As writers, we are very blessed. We rely on ourselves to accomplish our work. No-one else can do it for us. Yes, I know, we then have to get literary agents to accept our books and stories, or publishers to produce them – and our readers to buy the finished product. But, think of it. Today, we now have so many news ways to accomplish all this ourselves. We can do it!
Winston Churchill said: “The pessimist sees difficulty in every opportunity. The optimist sees opportunity in every difficulty.”
Think of the changes in the writing world in the way our work is published, just in this past year. Our work doesn’t even have to be in printed paper form. Writers have found a new voice in Blogs, Vlogs, Podcasts and many other venues. For the printed books, more and more writers have turned to self-publishing, with the help of Amazon and other sales approaches. Once marginalized, self-publishing has become legitimized – mainstream even.
As writers, we have been stopped from doing our usual book-signings, our promotional events at bookstores, both local and across the country. With bookstores shut-down and in-person Book Festivals cancelled, due to the pandemic, we no longer had those resources as a way to meet our loyal readers, to introduce ourselves to new readers or to promote our books and garner new followers.
We learned to be flexible and creative when we couldn’t get out to bookstores, launch our books, attend conferences, and travel across country to book festivals. We went online and explored Zoom rooms and Skype events. We explored, we joined forces with other writers and created different styles of conferences, workshops and writers’ groups.
As a result, we have widened our horizons considerably. Whereas before, we travelled to local bookstores, now we can reach out to readers and other writers, not just across America but across the world. We have quickly adjusted to different time-zones and we are exploring a variety of other writers and new readers across the Globe. How exciting is that?
And having had our vacations cancelled by assorted Governments restrictions, our wanderlust has been channeled into armchair travelling.
I have read books by an array of writers new to me and had wonderful escapes in Crete, snowy Scotland, Mandalay, and Paris during World War II, the Greek Islands and India. I’ve visited far more places from my armchair without the struggle of today’s air travel – and it doesn’t cost anything.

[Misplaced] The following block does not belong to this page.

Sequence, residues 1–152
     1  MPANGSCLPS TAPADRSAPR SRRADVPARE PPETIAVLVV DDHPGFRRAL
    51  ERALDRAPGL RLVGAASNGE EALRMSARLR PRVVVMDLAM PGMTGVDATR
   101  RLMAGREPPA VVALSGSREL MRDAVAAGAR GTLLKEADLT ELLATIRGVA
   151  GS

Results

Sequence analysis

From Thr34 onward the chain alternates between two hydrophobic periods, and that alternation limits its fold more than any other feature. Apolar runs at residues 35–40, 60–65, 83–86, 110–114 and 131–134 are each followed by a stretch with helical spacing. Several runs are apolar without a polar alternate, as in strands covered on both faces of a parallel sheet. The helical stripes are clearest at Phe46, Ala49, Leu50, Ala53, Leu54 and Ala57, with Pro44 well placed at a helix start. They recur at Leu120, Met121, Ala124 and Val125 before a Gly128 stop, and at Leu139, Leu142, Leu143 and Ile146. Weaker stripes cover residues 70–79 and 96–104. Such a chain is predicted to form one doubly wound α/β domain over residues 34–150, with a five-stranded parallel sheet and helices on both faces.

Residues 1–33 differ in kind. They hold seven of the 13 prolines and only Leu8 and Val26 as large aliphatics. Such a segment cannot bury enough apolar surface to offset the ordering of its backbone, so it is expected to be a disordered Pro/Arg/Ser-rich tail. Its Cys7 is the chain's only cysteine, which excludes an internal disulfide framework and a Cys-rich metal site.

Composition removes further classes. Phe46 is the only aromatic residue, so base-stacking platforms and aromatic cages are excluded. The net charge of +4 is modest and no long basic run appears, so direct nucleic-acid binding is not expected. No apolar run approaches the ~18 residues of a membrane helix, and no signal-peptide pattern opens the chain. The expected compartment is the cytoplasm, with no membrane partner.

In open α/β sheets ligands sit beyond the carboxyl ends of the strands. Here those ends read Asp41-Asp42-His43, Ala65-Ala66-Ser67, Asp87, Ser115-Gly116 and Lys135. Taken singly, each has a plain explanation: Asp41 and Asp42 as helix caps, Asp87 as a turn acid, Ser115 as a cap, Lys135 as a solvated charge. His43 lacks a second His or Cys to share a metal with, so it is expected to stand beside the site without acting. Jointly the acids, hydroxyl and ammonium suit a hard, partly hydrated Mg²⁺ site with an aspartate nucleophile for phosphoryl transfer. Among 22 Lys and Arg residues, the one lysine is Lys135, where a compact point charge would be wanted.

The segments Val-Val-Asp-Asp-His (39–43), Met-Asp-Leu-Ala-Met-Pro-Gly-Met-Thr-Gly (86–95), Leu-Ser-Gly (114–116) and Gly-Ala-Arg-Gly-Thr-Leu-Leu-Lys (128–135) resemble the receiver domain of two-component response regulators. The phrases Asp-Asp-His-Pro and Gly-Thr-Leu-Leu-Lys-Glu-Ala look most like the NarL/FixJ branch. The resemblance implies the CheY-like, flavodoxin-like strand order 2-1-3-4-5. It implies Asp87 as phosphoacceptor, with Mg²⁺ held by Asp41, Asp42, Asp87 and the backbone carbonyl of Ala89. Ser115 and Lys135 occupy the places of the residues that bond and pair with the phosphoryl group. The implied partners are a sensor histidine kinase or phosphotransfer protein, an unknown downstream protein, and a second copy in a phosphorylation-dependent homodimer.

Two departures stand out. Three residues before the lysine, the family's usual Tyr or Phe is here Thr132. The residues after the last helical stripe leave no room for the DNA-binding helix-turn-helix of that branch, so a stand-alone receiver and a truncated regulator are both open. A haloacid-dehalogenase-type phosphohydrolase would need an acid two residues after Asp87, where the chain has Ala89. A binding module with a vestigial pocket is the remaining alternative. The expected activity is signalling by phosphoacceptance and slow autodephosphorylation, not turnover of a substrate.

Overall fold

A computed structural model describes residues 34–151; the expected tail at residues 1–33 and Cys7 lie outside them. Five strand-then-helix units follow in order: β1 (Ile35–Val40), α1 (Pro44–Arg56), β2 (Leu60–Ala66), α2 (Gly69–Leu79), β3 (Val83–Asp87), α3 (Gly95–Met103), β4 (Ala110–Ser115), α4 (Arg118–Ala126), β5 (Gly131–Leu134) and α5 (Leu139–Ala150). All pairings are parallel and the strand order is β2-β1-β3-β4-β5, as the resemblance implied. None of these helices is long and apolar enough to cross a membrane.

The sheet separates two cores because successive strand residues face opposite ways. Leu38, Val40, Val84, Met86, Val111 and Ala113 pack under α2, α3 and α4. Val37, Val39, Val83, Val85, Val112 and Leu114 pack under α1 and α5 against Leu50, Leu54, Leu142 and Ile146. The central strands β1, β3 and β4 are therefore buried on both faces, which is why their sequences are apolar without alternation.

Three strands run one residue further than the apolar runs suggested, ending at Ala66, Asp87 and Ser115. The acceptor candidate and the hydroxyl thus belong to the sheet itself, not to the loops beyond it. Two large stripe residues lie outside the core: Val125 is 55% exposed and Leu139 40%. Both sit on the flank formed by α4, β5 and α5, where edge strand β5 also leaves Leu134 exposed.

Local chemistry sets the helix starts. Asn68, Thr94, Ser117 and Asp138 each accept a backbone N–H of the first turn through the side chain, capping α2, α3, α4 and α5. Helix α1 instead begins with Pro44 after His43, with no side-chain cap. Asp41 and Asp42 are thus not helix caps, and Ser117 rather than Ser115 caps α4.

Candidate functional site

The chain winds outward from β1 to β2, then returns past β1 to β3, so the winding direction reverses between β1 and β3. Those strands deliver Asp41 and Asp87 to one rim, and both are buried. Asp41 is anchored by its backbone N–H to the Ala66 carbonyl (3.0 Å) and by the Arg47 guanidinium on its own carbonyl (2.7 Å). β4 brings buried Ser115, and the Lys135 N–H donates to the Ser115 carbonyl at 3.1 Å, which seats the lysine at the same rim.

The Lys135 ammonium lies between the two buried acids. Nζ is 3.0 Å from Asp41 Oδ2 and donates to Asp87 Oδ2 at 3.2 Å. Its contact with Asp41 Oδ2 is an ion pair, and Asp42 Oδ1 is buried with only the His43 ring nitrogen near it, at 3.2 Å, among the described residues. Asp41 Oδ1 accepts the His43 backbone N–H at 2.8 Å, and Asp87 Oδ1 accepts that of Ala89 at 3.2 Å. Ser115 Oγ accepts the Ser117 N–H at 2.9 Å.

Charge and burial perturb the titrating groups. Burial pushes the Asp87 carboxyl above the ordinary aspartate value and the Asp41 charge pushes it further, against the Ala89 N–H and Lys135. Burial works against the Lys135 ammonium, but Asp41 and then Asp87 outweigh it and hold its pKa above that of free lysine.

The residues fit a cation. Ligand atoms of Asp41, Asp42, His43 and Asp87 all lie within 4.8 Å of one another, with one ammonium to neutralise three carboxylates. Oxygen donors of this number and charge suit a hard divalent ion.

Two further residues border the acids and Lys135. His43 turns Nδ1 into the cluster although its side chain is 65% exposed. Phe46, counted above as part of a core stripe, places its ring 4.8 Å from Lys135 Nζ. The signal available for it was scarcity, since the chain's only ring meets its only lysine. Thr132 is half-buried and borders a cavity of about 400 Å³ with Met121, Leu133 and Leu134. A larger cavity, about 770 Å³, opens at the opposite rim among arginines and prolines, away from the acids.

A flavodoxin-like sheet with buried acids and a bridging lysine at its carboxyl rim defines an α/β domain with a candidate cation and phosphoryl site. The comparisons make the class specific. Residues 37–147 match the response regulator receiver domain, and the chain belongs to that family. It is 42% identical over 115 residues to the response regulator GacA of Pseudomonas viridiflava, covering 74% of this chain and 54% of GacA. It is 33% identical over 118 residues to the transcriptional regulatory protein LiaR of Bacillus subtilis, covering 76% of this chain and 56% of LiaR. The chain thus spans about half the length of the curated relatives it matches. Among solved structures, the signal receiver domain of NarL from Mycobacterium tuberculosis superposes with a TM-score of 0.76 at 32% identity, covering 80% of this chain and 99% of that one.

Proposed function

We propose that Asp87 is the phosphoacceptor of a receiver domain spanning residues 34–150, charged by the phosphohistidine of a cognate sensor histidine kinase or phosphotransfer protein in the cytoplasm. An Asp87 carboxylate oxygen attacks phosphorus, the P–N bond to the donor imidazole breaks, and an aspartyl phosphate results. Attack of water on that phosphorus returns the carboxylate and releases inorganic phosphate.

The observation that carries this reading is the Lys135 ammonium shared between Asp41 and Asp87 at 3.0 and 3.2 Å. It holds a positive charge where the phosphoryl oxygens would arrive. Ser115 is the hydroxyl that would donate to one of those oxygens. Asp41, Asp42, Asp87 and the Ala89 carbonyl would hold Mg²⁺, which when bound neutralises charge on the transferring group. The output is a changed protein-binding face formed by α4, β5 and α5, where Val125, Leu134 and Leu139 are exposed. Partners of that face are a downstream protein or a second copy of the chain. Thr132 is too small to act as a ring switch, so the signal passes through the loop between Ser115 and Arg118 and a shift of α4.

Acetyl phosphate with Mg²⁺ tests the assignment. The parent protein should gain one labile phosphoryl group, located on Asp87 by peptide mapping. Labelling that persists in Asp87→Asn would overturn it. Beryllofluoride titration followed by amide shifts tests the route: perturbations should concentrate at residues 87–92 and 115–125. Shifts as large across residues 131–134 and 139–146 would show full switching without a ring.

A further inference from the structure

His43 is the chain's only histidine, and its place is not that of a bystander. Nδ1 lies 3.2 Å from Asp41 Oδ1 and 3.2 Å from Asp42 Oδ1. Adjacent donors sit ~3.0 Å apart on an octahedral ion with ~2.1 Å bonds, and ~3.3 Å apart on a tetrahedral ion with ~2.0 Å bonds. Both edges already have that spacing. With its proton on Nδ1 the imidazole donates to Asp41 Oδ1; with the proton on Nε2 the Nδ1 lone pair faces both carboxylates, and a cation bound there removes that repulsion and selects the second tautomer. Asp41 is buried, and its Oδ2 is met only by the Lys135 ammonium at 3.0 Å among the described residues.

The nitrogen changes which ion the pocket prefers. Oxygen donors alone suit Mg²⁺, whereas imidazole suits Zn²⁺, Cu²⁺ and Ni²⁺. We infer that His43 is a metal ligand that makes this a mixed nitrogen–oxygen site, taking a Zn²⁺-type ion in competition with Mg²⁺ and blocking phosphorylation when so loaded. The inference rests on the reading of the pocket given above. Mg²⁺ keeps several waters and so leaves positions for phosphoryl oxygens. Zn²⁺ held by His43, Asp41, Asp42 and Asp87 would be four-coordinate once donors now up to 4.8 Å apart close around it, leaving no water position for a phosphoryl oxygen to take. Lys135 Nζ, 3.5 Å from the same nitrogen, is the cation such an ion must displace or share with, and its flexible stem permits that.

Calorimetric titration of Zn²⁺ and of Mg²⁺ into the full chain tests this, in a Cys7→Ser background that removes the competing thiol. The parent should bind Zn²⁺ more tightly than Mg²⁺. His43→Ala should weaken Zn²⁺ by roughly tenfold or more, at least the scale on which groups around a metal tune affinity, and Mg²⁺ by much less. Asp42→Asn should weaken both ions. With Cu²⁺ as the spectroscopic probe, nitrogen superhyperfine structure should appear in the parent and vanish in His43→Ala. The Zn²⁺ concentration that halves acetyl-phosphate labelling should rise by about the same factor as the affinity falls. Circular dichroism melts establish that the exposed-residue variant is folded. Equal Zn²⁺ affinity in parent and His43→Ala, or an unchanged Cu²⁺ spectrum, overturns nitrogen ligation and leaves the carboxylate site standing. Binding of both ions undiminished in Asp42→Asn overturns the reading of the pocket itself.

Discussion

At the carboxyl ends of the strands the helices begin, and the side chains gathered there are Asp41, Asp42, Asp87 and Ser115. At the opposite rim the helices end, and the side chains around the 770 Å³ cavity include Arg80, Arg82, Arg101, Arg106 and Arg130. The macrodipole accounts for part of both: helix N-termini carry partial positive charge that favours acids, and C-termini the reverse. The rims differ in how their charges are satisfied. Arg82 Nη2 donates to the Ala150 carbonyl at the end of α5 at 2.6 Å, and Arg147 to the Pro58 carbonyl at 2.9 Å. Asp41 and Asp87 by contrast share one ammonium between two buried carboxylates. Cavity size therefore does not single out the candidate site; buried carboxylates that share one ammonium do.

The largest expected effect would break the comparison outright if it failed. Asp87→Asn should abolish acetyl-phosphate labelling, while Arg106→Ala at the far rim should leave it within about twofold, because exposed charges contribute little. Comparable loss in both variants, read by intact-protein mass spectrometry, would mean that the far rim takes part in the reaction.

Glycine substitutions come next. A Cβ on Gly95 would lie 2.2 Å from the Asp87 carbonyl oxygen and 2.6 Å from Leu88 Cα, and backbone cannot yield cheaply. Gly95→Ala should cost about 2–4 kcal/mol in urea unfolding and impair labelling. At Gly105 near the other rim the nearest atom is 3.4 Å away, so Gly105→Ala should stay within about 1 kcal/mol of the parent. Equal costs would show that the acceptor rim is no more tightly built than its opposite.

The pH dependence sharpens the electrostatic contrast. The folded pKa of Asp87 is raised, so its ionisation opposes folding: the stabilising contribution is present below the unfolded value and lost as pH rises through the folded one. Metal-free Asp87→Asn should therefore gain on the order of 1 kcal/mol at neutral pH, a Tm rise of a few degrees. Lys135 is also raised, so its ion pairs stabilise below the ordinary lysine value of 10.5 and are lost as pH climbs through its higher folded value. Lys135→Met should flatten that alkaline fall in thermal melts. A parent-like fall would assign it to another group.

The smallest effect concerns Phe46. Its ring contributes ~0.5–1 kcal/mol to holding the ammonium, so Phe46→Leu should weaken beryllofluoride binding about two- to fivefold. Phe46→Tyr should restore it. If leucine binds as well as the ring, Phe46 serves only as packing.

I’ve also learned a lot about growing grapes, spinning silk, constructing large houses, farming and how to make really good humus. What’s not to like?
We’ve all been reading a lot more – especially with people being shut-in, they have turned to reading books. Lots of them.
Some people, forced to abandon their usual nine-to-five work, have turned their hands to writing for the first time ever. They told themselves, “If I only had time, I would write a book…” Well they have and they did. See. Out of adversity, good does come.
And yes, this year it will be different. We are older, wiser and more appreciative of everything and everyone around us. Happy New Year!
This page was written by Rosemary Lord and posted by G.B. Pool.
I’m taking a break from BACK TO BASICS: WRITERS BOOT CAMP, which I’ll complete in my next posting.
Goodbye 2020, and good riddance. The year began horribly when last January, a bizarre mishap led to a friend of mine getting shot while having dinner at an upscale restaurant. An 80 year old woman, healthy, mentally alert and physically active, who golfed, gardened, rescued animals and took piano lessons; if you saw her back then you’d never guess her age. She survived, but complications led to amputation of both her legs. If you told me back then that anything worse could top what happened to my friend, I would not have believed you.
Back in May I wrote, How will YOU tell the story?, referring to “…an experience unprecedented in our lifetime*”. That asterisk referred to the few exceptions, including my then almost 105 year old aunt who’d lived through the Spanish Flu pandemic. She celebrated her birthday last July, but passed away on Veteran’s Day. Thanks to the ‘unprecedented’ times, I could neither celebrate her milestone birthday with her, nor attend her funeral.